WiFi VS Internet: Is There a Difference?

Written by: Robin Veinotte, Director of New Business Ventures

We run into a lot of operators and management companies that blend WiFi and Internet into one service and assume it’s all the same thing. This works ok for your home connection if your tech needs are simple; but when running a business it does not cut it. Your guests expect a flawless experience and your business needs a network dedicated to running your business. As a property manager, operator, or developer, you have to look at your technology, and specifically your WiFi/Internet a bit differently as you grow.

Let’s start with WiFi. Simple, right?

This is what spreads a wireless signal around your property. Most people use WiFi as a means to connect to the Internet to surf the web, check emails or watch video content. But in the commercial world, WiFi is a way to access the network. The network can (or not) give you access to the Internet, but it is also used to connect all the other devices that are installed locally so they can talk to each other as well. WiFi is not the Internet, WiFi (in a lot of cases) is your corporate/data network at any given location.

Yes, your guest will want WiFi to connect to your network and to gain access to the Internet. Most devices you buy today do not even have a plug in to connect to a wired connection (do you remember those? Some still have them, but not many), making WiFi access incredibly important. But what about the other devices that need to talk digitally to each other on the network…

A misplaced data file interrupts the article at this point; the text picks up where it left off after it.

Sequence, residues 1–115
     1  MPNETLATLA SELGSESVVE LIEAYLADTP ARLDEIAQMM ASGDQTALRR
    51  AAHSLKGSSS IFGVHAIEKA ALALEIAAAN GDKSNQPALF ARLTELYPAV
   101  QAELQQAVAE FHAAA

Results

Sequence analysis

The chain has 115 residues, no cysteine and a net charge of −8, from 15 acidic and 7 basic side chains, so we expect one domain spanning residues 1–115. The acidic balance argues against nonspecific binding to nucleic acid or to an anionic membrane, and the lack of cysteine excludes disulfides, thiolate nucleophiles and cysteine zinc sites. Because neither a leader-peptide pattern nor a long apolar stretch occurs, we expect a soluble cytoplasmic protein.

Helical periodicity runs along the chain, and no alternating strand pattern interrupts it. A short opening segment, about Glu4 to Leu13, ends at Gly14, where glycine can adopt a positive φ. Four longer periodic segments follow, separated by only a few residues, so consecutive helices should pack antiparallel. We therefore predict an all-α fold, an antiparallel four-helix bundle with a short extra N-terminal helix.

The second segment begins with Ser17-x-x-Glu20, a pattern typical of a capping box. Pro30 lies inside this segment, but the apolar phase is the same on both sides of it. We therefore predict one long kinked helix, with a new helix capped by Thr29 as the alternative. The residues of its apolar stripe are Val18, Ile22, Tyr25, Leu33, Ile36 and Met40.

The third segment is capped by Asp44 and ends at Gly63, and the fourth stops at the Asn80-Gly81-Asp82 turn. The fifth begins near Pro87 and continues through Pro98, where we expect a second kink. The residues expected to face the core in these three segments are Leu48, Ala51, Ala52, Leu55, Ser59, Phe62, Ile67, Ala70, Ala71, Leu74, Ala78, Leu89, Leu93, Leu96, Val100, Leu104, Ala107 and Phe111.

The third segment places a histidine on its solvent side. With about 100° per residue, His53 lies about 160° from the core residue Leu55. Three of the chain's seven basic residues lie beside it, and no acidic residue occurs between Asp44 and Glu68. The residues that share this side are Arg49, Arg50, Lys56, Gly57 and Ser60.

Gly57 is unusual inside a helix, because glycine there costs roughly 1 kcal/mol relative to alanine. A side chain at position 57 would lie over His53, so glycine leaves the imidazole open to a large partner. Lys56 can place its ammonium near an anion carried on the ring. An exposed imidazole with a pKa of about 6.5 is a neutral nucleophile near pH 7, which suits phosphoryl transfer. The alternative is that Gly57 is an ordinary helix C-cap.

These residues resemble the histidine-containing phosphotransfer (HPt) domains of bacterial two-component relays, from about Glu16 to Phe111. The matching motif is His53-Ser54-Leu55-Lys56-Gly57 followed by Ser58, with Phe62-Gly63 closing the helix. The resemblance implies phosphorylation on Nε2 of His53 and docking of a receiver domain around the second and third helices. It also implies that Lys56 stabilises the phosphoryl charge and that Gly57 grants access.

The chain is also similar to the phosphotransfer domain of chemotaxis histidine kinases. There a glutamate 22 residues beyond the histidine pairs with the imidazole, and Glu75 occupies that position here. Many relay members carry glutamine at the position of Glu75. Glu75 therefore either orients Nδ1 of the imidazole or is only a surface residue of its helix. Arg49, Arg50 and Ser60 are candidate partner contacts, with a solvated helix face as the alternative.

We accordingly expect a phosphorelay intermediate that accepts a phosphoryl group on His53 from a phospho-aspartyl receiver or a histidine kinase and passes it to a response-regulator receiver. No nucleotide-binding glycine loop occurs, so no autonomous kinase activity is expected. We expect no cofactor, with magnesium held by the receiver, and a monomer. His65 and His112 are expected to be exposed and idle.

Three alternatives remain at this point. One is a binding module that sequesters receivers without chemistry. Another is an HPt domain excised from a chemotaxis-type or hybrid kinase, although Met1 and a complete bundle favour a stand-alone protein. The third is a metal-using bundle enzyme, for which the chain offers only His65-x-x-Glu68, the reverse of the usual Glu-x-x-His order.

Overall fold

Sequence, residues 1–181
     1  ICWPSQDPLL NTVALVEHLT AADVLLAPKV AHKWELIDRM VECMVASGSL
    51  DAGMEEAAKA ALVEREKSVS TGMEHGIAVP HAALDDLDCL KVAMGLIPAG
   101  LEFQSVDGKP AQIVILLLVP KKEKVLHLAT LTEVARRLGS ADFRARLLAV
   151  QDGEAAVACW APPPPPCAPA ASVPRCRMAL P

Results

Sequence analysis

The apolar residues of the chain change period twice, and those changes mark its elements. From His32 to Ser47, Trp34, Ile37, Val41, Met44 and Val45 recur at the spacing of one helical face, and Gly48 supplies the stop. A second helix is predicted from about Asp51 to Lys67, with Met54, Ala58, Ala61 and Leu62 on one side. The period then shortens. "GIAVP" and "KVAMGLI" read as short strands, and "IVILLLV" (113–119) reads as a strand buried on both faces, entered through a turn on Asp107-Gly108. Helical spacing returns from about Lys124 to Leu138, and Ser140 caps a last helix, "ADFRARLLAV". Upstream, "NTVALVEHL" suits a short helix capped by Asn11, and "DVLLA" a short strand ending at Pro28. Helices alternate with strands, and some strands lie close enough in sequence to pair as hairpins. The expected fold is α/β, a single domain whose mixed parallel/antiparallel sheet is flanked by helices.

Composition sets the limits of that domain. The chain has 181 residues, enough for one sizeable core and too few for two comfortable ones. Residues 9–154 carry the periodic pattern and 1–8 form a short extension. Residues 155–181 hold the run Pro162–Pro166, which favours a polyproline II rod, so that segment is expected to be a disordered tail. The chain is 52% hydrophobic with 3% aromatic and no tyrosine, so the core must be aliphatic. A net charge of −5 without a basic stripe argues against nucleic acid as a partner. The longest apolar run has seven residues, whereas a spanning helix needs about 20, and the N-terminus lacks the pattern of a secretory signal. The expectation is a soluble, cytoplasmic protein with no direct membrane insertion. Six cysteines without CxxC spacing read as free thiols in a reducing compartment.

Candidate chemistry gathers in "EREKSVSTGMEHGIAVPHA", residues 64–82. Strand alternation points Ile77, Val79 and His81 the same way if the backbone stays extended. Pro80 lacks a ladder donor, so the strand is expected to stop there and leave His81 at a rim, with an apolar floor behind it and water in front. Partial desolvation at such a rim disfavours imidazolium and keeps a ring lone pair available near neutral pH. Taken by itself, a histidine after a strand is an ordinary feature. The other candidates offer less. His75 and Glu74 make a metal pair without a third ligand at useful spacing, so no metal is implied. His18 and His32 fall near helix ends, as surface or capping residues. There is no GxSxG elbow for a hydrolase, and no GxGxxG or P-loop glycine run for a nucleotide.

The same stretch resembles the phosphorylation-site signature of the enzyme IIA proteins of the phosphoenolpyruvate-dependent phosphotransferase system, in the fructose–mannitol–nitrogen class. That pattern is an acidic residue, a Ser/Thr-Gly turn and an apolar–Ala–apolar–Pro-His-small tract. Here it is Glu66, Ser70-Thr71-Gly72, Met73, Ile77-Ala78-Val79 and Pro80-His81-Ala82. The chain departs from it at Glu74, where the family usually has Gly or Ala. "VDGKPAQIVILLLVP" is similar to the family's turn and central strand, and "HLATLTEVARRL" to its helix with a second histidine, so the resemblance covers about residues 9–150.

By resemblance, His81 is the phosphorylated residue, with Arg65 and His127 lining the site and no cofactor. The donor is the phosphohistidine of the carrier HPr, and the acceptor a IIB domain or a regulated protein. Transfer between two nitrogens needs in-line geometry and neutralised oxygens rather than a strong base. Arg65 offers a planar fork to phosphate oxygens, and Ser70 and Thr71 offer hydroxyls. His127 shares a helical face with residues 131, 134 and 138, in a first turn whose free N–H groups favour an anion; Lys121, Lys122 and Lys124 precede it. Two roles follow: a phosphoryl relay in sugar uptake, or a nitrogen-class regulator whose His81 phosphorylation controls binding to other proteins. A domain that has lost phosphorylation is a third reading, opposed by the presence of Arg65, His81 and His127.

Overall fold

Door Locks, Security Camera’s, Noise Sensors, Digital Assistants (Alexa, Google, Roxys, etc), SmartTV and In-room Casting, IP Phones, Smart Lights, Thermostats and Smart Energy Solutions. Even some Washer/Dryer sets, Fridges, Coffee Pots, Stoves, Ovens, In room speakers… and this list continues to grow. But not only that, your guests and business need them and expect them.

Your local network, which is all typically controlled and in the same ‘box’ as your WiFi, has to manage all of this. It has to secure all of this. It has to make sure guest 1 in room 1 gets access to only room 1 technology, and nothing in room 2 (think about someone having access to viewing something else’s streamed content – bad news).  It has to make sure the “things” connected in any room can only access what they are supposed to and that no one can hack into that Camera, TV, Digital Assistant, etc and disrupt the guests’ experience.

It’s actually a big job. Think about how important all those technologies are becoming to your operations. And most of the WiFi routers purchased from a local Internet provider were designed 7+ years ago to service a home and maybe connect a single smart phone and a laptop or tablet. Now you could have a single property that when occupied by a guest, could have 2-4 devices per guest plus all of the in room devices. The reality is that a basic home router just can’t handle it. Those devices were designed for an average user of 7 to 10 years ago, and you are NOT that average user.

Not only do you need all those devices connected, they need to be done so securely and they have to just work. You need commercial grade hardware and unless you have experience managing this type of equipment – you need someone who can.

We have seen companies with 100’s of properties trying to manage 100’s of WiFi passwords. We have seen them spending 100’s of hours on site trying to install a new device only to have to install it again when a pesky guest resets that router when the Internet drops (because that is what they do at home so it must be ok here, right?).

Don’t forget: your guests want a “hotel like” WiFi and Internet Experience, and sending them a password via an OTA’s app is very 2000-ish, not 2020. Someday it might be cool for GAP sweaters to come back in style – but will WiFi passwords do that, too? We doubt it.